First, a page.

Hooray, new toothbrushes. I buy these ones of bamboo because they are biodegradable. Every time I open a new tube of toothpaste, I get a new toothbrush from the box. Earlier this week I took the last brush from the last box. I ordered new.

All this methodical behavior is what I'm down to, and not a result of Covid. That virus only makes life actions more stark, in my opinion, because we do so little, the spotlight is brighter.

No, this methodology is directly attributable to first the stroke, ten years ago, compounded by the TBI, and I don't remember when that happened. I can subtract back; it was a February and Laura was in ninth grade, and she graduated this past June, so 2016. I'm going to look, now.

March, 2017. That's right. When the new president started, and we did not go look at the White House. The stroke was left brain; you wake up fighting mad, every inch straining to recover. The TBI was right brain; you wake up feeling cozy, and go back to sleep again.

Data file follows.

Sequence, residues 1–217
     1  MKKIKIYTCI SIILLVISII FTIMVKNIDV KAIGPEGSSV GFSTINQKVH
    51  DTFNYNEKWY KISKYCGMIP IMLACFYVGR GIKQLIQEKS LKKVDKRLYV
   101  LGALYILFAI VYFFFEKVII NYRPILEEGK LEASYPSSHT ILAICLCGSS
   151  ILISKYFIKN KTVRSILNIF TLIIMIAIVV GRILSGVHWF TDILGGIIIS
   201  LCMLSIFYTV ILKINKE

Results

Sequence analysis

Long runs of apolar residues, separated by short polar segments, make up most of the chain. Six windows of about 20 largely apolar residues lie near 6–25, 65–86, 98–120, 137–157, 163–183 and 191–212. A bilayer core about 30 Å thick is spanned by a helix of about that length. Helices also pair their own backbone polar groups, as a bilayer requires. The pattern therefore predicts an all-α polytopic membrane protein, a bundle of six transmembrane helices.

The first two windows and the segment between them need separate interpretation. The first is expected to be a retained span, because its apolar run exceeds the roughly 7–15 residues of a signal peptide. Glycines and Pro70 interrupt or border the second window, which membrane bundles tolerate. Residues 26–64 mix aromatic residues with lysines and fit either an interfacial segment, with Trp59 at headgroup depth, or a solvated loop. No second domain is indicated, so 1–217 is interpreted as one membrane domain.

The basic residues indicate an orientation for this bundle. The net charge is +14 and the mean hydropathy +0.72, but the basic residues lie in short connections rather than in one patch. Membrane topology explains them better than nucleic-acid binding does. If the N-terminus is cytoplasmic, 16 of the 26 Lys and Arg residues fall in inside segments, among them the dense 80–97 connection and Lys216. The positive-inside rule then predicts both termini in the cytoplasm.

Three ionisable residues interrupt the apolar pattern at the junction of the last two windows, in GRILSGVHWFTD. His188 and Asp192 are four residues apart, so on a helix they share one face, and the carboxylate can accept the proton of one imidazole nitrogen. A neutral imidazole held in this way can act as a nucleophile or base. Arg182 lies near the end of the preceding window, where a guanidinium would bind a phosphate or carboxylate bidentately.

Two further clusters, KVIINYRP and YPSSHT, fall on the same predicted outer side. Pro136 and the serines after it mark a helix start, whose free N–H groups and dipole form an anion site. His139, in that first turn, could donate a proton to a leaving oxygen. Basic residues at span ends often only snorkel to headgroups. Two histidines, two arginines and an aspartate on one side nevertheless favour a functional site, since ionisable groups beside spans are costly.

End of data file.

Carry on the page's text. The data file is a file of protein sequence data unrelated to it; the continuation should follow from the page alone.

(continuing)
With the stroke, as soon as I put something back in its place in my brain, I had it. With the TBI, I need routines, and still I remember little. As I tell the cat, "Get over yourself! You can't change it so learn to live with it."

Monday, December 14, 2020

Right answers

There were so many good questions, and interesting remarks in the last post, here is an attempt to come up with some answers. The very first is the one that sets my teeth on edge. Buy/sell. What is it at an art show?